April Mailbag: Sergio, Poulter and the best players without a major
Lots of questions this week on a variety of topics. As always, keep the questions coming on Twitter or send them to my e-mail: email@example.com
Questions via email from Tim:
With Sergio winning the Masters, who is the best player without a major championship?
Tim mentioned in his email that in his opinion, it has to be someone with enough scar tissue, like Sergio had, to be considered for the title and I tend to agree. It’s easy to point at Hideki Matsuyama, Jon Rahm and even Rickie Fowler and say that they’re the best to not win a major, but that doesn’t feel overly fair because I don’t think we have a large enough sample size to label them in that way.
The easy answer to this question is Lee Westwood because he’s had so many chances, and unlike a lot of people, I still think he hits it well enough to win one of them before he retires, but obviously time is running out. Outside of Westwood, I think you’re looking at guys like Paul Casey, Brandt Snedeker, Bill Haas and Matt Kuchar, all of whom are really solid players, but don’t carry the kind of appeal that Sergio or Westwood have in their pursuits.
As a die hard Sergio fan, all I can think now is when his next one will come (because realistically he’s winning 7 more). But let’s say he goes on a bit of a later version of Phil’s post breakthrough run and gets two of his next twelve major starts…which two of the below do you think he’s taking?
Tim listed out the next twelve major starts, and suggested that the two he thinks fit best in the 2017 PGA at Quail Hollow and the 2018 Open at Carnoustie. Here’s the thing: I’m not a believer in the “floodgates opening” theory as it relates to any player, if only because the fields are so deep now that I don’t think it’s a given that anyone is guaranteed to win a major. I think all of us need to remember that there’s only four of these things every year.
However, if he does go on some kind of breakthrough run, look at the courses that typically play the most difficult and I think that’s your answer. That means the 2018 and 2019 U.S. Opens at Shinnecock and Winged Foot, the 2018 Open at Carnoustie and the 2019 PGA at Bethpage Black.
What should the Raptors do with Dwayne Casey? His offense is clearly not built for playoff success based on the last four years. Lost in the first round in 14, got embarrassed by Washington in ’15, then backed their way in to the conference finals last year beating a terrible Indiana team and a injured Miami team. They’re somewhat righting the ship against the Bucks but my point is Casey keeps getting wildly out coached. Is it too early to start chanting Stackhouse?
I’m of two minds on this because you’re right, it does feel like Casey gets frequently out coached, makes adjustments too late and tends to get too ISO heavy with DeRozan and Lowry. Having said that, the players love him and you do have to give him credit for making the Valanciunas-Powell switch a few games ago, as without that, this series would likely be in a much different spot right now. The ball moved much better in Game Five as well, and even though they nearly killed me last night after blowing a 25 point lead, they pulled it out and that felt like it was more on the players than the coaching staff.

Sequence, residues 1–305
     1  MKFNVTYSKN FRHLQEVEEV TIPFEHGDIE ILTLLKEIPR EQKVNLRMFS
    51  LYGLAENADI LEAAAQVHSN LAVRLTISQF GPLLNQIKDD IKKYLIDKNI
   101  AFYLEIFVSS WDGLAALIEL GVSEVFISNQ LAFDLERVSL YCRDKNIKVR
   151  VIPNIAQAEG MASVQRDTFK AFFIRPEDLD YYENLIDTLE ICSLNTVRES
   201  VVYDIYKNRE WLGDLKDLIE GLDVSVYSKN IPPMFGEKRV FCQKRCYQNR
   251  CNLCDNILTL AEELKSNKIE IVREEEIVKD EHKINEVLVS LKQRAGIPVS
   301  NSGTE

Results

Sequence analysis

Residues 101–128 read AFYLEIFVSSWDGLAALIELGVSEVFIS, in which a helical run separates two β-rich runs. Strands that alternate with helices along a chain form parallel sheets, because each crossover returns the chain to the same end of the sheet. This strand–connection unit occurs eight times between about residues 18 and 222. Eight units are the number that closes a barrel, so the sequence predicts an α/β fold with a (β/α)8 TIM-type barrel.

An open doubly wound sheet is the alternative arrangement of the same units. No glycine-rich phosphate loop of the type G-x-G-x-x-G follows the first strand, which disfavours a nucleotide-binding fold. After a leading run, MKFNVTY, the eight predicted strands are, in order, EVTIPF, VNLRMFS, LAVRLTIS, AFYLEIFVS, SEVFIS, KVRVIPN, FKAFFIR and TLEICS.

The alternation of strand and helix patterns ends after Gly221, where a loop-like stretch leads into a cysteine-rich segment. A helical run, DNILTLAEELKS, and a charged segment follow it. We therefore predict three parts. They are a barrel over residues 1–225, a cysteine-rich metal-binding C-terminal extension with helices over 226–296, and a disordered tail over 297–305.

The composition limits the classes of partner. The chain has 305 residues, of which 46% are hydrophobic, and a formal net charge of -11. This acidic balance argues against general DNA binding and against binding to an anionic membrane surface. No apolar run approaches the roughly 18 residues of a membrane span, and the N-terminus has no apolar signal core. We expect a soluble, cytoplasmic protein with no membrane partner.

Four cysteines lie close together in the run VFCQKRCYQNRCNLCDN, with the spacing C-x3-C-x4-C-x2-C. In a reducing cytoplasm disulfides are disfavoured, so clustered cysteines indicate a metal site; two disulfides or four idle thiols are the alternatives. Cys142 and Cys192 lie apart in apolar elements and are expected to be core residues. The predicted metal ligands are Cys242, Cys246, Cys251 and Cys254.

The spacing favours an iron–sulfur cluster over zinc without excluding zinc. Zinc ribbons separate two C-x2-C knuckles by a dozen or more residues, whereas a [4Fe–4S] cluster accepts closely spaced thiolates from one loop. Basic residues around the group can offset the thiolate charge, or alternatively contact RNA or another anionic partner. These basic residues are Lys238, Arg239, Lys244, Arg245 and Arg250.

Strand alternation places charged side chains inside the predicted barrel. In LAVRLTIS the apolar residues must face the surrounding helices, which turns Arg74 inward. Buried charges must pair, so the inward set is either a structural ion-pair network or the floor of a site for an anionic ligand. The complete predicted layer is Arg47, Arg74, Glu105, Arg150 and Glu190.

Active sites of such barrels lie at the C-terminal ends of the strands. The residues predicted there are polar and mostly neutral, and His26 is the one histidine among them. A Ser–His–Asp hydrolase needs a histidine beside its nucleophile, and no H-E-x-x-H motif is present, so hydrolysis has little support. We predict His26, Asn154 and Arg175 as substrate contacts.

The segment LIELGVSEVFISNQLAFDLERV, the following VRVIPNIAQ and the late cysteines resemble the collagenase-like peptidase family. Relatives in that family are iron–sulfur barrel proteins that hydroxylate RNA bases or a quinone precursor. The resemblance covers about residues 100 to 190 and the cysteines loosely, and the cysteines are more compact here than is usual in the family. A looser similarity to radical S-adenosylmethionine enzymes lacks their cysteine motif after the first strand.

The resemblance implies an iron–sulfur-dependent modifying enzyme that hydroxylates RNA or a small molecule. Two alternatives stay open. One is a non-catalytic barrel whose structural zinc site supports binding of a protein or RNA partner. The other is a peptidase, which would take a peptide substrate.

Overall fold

One of the things that feels like has changed in recent years in all sports is that teams are so quick to pull the trigger on changes, be it with personnel or coaches, and often, the results just aren’t there. For every David Blatt to Tyronn Lue switch, there are about ten others that didn’t work out all because ownership or management just wanted to make a change. There are large parts of the internet that want to see the Packers fire Mike McCarthy, and yeah, he does things that infuriate me as a fan but I also find it hard to believe that you can find someone who is actually better than him on the open market. It’s the same thing with Casey. Sometimes it really is best to just stay the course.
I do agree though that someone will hire Jerry Stackhouse very soon.
Definitely not a favourite of mine because of how it ended up, but the one story that I remember most vividly is one of the most recent. Briny Baird was tied with Chris Kirk at the 2013 McGladrey as they got to the 18th tee, and Baird pulled his tee shot left into the bunker and had pretty much an impossible lie from over 200 yards into the green, which he then plunked in the water.
Baird sits 125th in career PGA Tour earnings at just over $13 million even without a win, so admittedly, it’s tough to feel too bad for him. Still though, it sucks to get that close to winning your first event and not do it.
I’m not as down on the actual on-air talent that CBS puts out there as some people seem to be. Yes, they could use some fresh faces and losing David Feherty to NBC is a blow that they’re still feeling, but that’s not the issue with their coverage. If they kept the exact same crew and just showed more golf shots, everyone would back off. I’d love to see it change, but I’m not sure that I see it right now.
Question from Alice via email:
When will someone from PGA Tour make comment on “dipping”? Do we have to wait until one of the players or caddies has oral cancer? It also is not attractive for the fans – watching in person or on TV.